The Carver Review

Title: The Carver
Author: Jacob Devlin
Series: Order of the Bell #1
Publisher: Blaze Publishing
Publication Date: 19 July 2016
Source: Blaze Publishing
Format: E-book
Pages: 370
Rating: 3.8
Reading Timeline: 29 April 2017 - 02 May 2017










Goodreads Synopsis:

THE GIRL IN THE RED HOOD has been looking for her mother for six months, searching the depths of New York's subways to the heights of its skyscrapers...

THE PRINCE looks like he's from another time entirely, or maybe he's just too good at his job at Ye Old Renaissance Faire...

THE ACTRESS is lighting up Hollywood Boulevard with her spellbinding and strikingly convincing portrayal of a famous fairy. Her name may be big, but her secrets barely fit in one world...

Fifteen-year-old Crescenzo never would have believed his father's carvings were anything more than "stupid toys." All he knows is a boring life in an ordinary Virginia suburb, from which his mother and his best friend have been missing for years. When his father disappears next, all Crescenzo has left is his goofy neighbor, Pietro, who believes he's really Peter Pan and that Crescenzo is the son of Pinocchio. What's more: Pietro insists that they can find their loved ones by looking to the strange collection of wooden figurines Crescenzo's father left behind.

With Pietro's help, Crescenzo sets off on an adventure to unite the real life counterparts to his figurines. It's enough of a shock that they're actually real, but the night he meets the Girl in the Red Hood, dark truths burst from the past. Suddenly, Crescenzo is tangled in a nightmare where magic mirrors and evil queens rule, and where everyone he loves is running out of time.

Book Review:
Pre-reading Thoughts:

I picked up this book because Blaze Publishing has organized a readalong with for all of their reps. I jumped straight onto this bandwagon when I heard that they were doing this because it was about time that I started to read and review these books. It was a perfect opportunity that I couldn't pass up. Thank you to Blaze Publishing for providing me a copy of this book. Please note that in no way does receiving this book affect my opinions. All thoughts are my own.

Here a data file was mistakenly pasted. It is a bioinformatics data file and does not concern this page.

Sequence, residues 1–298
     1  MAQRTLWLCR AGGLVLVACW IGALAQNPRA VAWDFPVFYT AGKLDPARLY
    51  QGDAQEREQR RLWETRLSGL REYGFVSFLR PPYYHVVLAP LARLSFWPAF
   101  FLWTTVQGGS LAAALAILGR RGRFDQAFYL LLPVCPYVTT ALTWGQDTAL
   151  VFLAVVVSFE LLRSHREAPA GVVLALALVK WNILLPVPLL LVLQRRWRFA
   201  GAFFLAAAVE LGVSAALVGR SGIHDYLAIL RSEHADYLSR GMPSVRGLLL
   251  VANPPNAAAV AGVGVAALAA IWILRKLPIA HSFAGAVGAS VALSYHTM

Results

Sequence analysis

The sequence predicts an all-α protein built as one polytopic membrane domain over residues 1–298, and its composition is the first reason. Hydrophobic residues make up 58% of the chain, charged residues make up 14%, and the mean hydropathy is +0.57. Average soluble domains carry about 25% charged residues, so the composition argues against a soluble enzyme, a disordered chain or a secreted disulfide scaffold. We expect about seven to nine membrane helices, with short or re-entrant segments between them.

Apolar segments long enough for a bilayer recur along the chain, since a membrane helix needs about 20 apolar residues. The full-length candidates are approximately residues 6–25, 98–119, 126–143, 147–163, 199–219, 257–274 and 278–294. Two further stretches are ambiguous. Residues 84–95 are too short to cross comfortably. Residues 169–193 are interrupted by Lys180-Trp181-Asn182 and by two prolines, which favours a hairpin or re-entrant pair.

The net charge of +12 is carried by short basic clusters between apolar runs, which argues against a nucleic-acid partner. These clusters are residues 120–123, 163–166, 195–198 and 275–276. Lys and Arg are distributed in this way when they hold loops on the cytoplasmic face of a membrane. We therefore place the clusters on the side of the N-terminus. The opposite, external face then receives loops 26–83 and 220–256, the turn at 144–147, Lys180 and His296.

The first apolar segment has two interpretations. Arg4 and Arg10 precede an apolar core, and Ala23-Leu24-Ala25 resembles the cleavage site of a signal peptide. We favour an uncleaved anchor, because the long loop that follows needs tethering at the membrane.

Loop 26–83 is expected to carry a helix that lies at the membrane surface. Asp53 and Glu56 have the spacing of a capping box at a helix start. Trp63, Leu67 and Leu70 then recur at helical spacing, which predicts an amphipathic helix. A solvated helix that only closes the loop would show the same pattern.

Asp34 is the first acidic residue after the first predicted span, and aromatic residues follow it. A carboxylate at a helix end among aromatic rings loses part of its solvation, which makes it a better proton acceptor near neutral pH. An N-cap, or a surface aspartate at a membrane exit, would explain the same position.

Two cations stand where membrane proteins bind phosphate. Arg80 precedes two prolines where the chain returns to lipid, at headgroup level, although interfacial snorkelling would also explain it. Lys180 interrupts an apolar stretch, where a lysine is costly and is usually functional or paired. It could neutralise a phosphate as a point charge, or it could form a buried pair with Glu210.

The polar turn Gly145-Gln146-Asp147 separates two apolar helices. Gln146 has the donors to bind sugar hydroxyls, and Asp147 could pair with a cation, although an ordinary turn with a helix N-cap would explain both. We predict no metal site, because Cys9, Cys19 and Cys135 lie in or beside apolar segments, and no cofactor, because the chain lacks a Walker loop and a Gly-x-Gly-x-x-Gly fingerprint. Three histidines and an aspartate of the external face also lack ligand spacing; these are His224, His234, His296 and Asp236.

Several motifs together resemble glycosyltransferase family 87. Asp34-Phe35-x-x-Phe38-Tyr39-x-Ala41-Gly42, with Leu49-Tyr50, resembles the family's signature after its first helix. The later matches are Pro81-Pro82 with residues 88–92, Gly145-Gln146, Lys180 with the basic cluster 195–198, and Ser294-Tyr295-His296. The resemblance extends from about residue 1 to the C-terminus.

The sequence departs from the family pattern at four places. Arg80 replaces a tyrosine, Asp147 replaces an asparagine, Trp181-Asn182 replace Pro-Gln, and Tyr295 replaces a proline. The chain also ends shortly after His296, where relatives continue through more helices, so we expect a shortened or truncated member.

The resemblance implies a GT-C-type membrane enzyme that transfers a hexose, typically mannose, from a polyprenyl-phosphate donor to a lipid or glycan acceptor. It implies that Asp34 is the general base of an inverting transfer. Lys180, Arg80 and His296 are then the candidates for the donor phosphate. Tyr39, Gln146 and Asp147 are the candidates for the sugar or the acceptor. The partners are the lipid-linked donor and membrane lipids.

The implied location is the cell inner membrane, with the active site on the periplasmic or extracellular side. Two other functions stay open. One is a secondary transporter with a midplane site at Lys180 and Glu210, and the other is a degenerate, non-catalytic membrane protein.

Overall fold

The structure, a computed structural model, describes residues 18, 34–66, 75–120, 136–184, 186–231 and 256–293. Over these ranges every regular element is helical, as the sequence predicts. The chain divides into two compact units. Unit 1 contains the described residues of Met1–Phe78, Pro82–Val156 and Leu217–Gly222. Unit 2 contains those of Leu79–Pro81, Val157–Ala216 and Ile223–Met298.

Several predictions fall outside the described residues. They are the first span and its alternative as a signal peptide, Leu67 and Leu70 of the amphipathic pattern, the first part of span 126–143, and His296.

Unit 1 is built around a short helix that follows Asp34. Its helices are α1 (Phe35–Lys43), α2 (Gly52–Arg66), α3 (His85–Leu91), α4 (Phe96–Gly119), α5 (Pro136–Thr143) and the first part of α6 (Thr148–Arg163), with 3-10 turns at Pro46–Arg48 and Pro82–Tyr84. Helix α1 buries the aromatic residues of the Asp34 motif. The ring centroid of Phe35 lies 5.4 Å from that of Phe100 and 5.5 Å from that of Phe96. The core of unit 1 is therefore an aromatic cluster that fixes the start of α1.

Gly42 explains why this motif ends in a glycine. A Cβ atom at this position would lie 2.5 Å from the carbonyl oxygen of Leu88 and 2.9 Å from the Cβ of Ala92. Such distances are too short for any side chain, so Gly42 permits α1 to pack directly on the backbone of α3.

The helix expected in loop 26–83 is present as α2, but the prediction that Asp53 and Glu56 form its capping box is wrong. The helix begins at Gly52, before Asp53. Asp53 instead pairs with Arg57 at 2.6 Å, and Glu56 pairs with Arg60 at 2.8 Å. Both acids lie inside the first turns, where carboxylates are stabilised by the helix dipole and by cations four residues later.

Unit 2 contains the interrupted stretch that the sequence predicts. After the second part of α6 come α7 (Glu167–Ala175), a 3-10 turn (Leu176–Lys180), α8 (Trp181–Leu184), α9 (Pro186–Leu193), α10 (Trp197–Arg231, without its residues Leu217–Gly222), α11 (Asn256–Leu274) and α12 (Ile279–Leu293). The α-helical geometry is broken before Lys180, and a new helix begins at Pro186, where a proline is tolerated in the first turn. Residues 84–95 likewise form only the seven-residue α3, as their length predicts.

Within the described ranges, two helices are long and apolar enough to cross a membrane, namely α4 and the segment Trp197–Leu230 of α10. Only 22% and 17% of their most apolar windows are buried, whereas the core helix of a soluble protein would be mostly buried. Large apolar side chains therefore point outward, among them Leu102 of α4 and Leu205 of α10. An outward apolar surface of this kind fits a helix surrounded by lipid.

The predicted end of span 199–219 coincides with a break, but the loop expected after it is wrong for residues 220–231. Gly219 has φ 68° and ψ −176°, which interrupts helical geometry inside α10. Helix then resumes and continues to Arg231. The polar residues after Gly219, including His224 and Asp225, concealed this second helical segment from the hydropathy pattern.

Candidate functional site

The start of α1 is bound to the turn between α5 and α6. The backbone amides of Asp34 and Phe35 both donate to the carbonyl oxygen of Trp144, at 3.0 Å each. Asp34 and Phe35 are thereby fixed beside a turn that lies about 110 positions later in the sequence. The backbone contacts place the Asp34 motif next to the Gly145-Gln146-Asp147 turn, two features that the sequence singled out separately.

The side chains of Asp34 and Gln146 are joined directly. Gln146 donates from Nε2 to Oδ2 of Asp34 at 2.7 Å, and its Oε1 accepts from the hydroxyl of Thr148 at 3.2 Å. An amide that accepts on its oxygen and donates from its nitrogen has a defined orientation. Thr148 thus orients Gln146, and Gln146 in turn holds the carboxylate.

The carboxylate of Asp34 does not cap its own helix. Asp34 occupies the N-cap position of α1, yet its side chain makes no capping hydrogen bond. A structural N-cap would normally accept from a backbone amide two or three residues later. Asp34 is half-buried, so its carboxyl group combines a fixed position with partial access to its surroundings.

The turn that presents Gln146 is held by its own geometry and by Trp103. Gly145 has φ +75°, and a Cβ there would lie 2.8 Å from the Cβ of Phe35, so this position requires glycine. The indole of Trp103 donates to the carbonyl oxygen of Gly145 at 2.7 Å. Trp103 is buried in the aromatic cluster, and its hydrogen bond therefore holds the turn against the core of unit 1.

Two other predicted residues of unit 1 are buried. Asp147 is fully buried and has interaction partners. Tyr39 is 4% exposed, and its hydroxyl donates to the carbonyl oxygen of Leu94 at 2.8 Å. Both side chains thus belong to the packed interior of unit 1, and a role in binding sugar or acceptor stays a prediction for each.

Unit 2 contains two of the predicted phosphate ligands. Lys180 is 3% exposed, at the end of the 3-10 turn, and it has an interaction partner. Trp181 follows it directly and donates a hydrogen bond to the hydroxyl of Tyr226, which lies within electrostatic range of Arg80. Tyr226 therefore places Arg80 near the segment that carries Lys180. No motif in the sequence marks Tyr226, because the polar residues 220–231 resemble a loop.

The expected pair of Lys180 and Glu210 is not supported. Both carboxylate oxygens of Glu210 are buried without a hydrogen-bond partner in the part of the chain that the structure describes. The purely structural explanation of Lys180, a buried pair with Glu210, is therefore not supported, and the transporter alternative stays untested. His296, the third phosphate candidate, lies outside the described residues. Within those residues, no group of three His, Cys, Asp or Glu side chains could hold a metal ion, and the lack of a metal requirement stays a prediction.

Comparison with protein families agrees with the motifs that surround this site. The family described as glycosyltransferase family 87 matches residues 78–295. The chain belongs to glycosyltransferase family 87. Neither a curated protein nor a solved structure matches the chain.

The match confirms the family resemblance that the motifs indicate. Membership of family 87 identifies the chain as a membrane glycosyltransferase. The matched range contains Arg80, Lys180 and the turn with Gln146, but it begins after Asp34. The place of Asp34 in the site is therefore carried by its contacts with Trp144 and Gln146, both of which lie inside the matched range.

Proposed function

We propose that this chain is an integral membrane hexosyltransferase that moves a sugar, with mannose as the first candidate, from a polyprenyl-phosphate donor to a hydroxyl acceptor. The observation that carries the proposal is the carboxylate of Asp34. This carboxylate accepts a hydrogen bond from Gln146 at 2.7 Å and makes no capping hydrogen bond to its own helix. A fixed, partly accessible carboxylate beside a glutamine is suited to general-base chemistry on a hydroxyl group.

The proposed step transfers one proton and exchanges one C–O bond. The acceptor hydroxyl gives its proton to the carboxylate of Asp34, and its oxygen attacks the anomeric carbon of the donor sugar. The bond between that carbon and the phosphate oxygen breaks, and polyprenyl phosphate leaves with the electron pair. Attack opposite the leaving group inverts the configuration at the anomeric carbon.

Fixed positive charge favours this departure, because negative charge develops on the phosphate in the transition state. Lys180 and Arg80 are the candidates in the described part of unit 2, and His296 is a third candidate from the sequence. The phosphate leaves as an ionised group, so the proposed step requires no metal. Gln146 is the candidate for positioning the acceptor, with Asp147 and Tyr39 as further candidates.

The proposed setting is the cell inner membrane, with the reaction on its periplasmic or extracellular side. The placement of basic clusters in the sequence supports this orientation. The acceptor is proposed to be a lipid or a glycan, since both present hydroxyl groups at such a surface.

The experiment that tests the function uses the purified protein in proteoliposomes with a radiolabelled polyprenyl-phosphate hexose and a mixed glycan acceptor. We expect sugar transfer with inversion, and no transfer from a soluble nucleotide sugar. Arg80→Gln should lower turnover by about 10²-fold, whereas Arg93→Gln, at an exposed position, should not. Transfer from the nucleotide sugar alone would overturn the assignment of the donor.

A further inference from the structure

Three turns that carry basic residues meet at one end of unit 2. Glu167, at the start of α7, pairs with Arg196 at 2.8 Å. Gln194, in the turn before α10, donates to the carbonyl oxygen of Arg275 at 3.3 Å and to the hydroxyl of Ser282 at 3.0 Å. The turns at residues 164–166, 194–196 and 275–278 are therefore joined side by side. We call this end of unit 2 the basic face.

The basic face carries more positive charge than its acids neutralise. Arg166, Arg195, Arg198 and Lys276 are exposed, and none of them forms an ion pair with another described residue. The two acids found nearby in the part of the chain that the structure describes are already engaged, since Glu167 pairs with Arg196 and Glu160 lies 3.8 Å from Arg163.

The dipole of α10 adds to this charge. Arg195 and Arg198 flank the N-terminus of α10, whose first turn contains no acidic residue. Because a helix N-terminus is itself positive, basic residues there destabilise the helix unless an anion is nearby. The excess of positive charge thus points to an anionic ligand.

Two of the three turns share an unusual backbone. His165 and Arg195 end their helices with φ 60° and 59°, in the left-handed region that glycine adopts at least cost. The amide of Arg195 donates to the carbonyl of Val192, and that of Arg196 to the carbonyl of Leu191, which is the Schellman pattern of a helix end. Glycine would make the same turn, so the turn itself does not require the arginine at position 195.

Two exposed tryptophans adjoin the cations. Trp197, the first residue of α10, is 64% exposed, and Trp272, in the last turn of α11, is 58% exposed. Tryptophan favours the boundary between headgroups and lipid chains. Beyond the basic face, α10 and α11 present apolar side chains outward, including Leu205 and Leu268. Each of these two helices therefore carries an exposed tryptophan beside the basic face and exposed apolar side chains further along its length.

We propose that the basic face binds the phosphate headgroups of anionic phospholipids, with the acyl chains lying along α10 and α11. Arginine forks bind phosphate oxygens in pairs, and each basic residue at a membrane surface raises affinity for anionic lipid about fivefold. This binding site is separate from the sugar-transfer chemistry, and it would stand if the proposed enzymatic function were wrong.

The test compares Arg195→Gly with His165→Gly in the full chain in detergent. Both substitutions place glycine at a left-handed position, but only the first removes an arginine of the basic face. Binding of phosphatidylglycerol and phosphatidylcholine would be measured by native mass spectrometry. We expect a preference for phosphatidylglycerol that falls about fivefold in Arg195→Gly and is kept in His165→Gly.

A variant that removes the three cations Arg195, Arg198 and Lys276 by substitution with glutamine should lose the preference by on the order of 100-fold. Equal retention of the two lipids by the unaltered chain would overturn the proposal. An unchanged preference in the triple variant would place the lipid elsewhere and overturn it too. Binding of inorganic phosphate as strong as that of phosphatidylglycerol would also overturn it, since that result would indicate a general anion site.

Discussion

Writing Thoughts:

The writing was interesting to read. It was detailed enough to get the sense of the area and the landscape but not so much so that it distracts from the story that is unfolding. It took awhile to get used to but I quite enjoyed it. There was also a really good pacing throughout the book. The switch between time periods and point of views created this constant build of tension which helped you to move through the book. However, if you don't like multiple point of views and jumpy books then I don't think that this would be the book for you.

Plot Thoughts:

I loved how the author incorporated all of our favorite fairy tales by creating a multiverse. It was super intriguing and I think that it aided the story well. Despite that there was a lot going on, it was more of an organized "chaos" that actual chaos. Everything flowed together well. The author also answered questions and provided information when we need it. It was a well thought of story that was structured and interesting. This was definitely an original idea.

Character Thoughts:

There were a lot of characters in this story and the only one that I didn't like as much as the others was the son. Crescenzo was just one character that didn't sit that well. But I liked everyone else, they were well written and interesting. I enjoyed Hansel's character the most because I enjoyed the internal conflict. I also really enjoyed Pietro's character, he was a true child at heart and if I am honest was just a delight to read about!

Final Thoughts:

Overall, I really enjoyed this story. I thought it was well written and well planned. Everything worked with the story and the story itself was original and unique. Readers of fairytales will love The Carver with a mix and match of your favourite fairytale characters, what could go wrong? Thank you to Blaze Publishing for providing me a copy of this book. 

Yours in Reading,

Melleny

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